business news. An international
partnership with CNN will help Zee to
foray into English television news as
it is a credible international news
brand, several media analysts say.
Why deal with CNN is possible
Chandra has a fair chance to strike a
deal with CNN. He shares an old-
running relationship with Turner in
the distribution space. It started in
2001 first as a television distribution
JV company, with Zee holding 74 per
cent and Turner 26 per cent. Zee–
Turner then went on to form Media
Pro Enterprise India, a 50:50 JV with
Star DEN, in 2011. Three years later,
Media Pro got killed, after the
Telecom Regulatory Authority of India
(TRAI) disallowed bundling of
television channels from more than
one broadcaster. Though the Zee–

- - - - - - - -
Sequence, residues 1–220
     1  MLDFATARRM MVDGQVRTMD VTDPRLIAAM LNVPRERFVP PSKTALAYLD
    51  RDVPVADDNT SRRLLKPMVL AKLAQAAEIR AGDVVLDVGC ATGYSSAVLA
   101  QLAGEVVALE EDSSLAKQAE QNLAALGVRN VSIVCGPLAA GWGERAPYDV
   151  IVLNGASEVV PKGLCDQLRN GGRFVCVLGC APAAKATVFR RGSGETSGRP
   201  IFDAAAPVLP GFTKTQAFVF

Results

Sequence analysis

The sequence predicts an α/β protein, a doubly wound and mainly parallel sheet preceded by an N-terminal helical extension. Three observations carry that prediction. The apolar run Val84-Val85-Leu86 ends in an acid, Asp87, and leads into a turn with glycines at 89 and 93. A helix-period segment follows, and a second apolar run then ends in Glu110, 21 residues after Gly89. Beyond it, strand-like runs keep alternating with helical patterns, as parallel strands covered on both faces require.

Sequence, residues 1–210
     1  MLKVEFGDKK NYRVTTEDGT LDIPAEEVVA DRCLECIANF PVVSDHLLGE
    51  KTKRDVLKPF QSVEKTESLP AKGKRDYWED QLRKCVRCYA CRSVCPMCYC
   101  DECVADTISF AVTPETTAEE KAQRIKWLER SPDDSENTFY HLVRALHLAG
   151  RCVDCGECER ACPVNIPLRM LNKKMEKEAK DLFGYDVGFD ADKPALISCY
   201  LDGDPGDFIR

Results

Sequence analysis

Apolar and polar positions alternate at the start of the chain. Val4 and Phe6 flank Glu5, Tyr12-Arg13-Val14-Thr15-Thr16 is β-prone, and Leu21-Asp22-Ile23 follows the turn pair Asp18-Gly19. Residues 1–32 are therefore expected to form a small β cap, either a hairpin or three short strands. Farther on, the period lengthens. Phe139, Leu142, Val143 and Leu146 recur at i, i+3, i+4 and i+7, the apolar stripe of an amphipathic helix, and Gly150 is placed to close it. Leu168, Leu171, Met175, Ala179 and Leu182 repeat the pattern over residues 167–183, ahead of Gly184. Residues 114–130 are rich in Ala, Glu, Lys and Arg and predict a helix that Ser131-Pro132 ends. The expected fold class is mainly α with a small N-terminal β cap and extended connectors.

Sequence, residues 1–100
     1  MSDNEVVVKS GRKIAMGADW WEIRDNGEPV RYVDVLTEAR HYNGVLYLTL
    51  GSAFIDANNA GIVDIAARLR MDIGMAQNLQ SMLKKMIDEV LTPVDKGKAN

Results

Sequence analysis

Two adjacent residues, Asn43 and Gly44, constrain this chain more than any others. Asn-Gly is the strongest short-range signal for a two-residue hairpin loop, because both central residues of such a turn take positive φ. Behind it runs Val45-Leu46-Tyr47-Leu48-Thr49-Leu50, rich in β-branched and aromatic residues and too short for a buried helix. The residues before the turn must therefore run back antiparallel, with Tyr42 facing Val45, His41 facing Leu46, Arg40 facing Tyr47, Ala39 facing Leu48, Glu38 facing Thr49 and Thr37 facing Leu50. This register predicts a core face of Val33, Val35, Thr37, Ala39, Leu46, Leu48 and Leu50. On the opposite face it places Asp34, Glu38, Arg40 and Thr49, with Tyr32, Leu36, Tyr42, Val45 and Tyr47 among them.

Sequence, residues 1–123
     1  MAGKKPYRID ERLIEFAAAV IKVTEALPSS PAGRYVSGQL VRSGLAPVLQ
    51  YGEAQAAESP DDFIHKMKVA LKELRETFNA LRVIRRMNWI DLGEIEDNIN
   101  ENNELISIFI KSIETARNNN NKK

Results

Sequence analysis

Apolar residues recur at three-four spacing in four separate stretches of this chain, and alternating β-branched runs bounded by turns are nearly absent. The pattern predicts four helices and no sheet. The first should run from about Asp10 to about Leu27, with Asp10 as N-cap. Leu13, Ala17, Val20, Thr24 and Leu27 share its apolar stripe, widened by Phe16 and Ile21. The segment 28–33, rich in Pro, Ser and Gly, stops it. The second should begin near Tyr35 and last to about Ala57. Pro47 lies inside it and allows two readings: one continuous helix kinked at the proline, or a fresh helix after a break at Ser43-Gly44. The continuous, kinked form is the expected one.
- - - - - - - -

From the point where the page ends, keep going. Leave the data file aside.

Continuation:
Turner JV also had to dissolve, Taj
Television India, a wholly owned
subsidiary of ZEEL, continues to
distribute HBO, Cartoon Network,
Pogo, CNN, and Warner Brothers as an
authorised agent of Turner
How will CNN gain? For international
channels like CNN, the only way to
grow in India is by tying up with local
partners. Indian TV news outlets are
very popular and there is little space
left for outside channels.
CNN took that strategic alliance
approach when it tied up with TV18. In
its brand licensing agreement with
TV18, chalked out under the
stewardship of founder and old owner
Raghav Bahl, CNN was to be paid a fee
based on the net revenue of the
channel CNN–IBN, or the annual
minimum guarantee, whichever is
higher. The minimum guarantee was in
the range of $500,000 to $850,000.
With Zee, CNN may be looking at a
much broader partnership, which would